Bailey’s Bakes: Pain au Chocolats, a Review

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Bailey Kane, Staff Writer

As an intermediate baker, I am always looking for baked goods that would help me gain new experience and skills. I most often bake bread such as sourdough and baguettes, but I decided to try something new: pain au chocolats. As soon as I saw that these croissants had 27 layers, I knew that I was in for a challenge. The pain au chocolat is a French dessert pastry that is composed of a croissant-esque pastry with chocolate in the middle. Although the origin of the pastry is unclear, the most popular theory is that an Austrian military official, August Zang, had imported them from Austria to France in the 1830s. He had baked them in his Viennese bakery in Paris, listing them under the name Schokoladencroissants, meaning croissants filled with chocolate. My experience in baking the croissants was beneficial to my knowledge and one that I recommend to any curious baker. For your ease, I have attached the recipe ( and some tips and tricks I wish I had known sooner.

Recipe: Alix Traeger’s from Tasty

The Dough:

Pastry dough can be tricky. When making the dough, be careful not to over-knead and stop once it is still slightly flaky but holds its shape. While I was making it, my dough seemed a little too flaky and couldn’t keep its shape as well as I had hoped, so I added about two tablespoons of water into a well at the center and that helped fix the texture. The dough can get very sticky when rolling out, so I highly recommend having a bag of flour at the ready to dust your dough and surface often.

Once you’ve reached steps 5 and 6 of the recipe, I’d recommend cutting a large rectangle of parchment paper and making diagonal slices on the corners until reaching the butter in the center. Then fold the parchment paper onto the uncovered portion of the butter to make an enclosed square guide for the butter to take shape in (this will make it easier to align with the dough later). Be mindful that the dough will be pretty solid out of the refrigerator but will soften once it has been worked with for a few minutes. Once you’ve placed the butter layer on top of the dough, roll the dough with a rolling pin and make sure to lengthen the dough, not widen it.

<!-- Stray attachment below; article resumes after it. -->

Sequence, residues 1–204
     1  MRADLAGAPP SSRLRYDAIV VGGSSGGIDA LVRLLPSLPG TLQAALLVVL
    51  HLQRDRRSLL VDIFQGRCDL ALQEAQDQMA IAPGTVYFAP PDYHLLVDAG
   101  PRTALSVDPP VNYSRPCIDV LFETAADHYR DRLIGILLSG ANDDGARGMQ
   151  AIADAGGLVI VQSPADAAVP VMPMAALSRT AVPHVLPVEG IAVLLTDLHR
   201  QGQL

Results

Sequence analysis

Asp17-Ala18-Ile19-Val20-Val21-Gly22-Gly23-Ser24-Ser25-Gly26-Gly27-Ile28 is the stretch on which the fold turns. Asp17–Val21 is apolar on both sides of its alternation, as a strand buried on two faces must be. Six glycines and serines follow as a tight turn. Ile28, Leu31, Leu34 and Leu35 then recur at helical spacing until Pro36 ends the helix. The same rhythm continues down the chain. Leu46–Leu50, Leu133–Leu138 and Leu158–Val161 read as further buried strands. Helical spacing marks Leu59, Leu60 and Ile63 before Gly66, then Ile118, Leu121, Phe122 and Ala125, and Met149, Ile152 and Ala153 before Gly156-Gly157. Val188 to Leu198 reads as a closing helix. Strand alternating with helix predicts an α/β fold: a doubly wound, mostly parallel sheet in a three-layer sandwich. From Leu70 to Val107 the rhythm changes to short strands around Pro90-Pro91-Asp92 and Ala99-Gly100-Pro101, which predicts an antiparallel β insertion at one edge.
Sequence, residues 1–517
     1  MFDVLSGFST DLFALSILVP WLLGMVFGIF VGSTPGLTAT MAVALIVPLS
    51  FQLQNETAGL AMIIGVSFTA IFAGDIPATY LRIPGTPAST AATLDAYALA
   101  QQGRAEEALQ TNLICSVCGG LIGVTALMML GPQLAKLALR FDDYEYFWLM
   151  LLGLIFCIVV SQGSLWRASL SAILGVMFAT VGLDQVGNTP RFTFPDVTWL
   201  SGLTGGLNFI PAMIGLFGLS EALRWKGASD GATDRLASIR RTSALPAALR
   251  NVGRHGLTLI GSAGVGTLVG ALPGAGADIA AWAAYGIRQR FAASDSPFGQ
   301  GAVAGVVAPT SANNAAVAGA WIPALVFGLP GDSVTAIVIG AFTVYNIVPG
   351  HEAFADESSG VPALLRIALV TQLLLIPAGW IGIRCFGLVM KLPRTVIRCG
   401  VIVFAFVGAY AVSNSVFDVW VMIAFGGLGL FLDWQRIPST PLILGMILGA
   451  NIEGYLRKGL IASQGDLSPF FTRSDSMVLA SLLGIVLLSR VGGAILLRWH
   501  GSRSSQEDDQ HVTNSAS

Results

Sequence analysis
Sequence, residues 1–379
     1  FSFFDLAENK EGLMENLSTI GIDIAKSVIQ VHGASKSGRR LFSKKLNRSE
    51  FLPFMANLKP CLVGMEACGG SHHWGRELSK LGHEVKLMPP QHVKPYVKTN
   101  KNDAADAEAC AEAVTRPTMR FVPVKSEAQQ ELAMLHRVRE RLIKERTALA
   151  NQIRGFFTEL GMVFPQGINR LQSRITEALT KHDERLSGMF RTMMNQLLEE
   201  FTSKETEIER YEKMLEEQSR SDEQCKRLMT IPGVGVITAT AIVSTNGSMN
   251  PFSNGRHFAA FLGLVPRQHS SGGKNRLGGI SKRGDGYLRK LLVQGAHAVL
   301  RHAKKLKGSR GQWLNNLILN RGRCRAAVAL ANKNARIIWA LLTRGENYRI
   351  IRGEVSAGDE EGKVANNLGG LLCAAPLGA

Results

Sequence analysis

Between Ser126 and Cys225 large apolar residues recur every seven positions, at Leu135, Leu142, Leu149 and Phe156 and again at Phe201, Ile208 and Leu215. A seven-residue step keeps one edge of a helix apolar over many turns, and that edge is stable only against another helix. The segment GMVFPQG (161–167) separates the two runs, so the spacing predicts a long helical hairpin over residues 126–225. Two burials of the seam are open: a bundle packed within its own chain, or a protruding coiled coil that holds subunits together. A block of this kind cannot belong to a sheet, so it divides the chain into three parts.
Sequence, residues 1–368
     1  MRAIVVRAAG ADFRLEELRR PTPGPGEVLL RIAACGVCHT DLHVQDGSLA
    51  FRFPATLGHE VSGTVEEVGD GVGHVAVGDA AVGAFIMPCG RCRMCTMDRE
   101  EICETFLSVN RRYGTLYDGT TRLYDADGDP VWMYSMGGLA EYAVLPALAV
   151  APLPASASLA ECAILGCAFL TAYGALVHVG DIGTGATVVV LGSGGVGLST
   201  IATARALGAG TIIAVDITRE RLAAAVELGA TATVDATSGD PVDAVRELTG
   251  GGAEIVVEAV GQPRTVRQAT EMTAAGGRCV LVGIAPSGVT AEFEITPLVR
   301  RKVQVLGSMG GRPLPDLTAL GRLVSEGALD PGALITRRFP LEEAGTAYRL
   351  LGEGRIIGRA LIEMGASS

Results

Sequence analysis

The Chocolate:

While the recipe calls for sweetened chocolate bars,  I didn’t have any pre-made chocolate bars on hand, so I melted down chocolate chips using a double boiler method* and froze them into stick shapes to create bars. This is an easy alternative and worked perfectly for my batch.

A Double-Boiler Method, WebstarauntStore

*A double boiler is a technique that is used by heating a pot of water and placing a heat-safe bowl atop it, making sure the water doesn’t boil. This heats the contents of the bowl, chocolate in this case, into a liquid consistency without risking it burning.


The recipe calls for the croissants to be baked for 15 minutes, but mine baked for 18. The baking time can differ by 3-4 minutes depending on the batch. As for baking sheets, I personally opted for a dark baking sheet to achieve a crispier pastry. To help you decide, consider the difference: a light-colored baking sheet will make sure that all parts of the dessert are evenly cooked while a darker baking sheet will absorb and distribute more heat into the bottoms of the dessert for a crispier bottom of the pastry.

Flavor Review: /5

It is a wonderfully light breakfast or dessert with the gently sweet (but not overpowering) croissant and chocolate giving it the expected sweetness of a dessert. Their flakiness gives it a light and airy texture (the excessive folding definitely paid off!), making it easy to eat two at a time. It was not too effort-intensive but was a bit time-consuming with waiting. If you have a weekend or any free time and a sweet tooth, these Pain Au Chocolats are for you!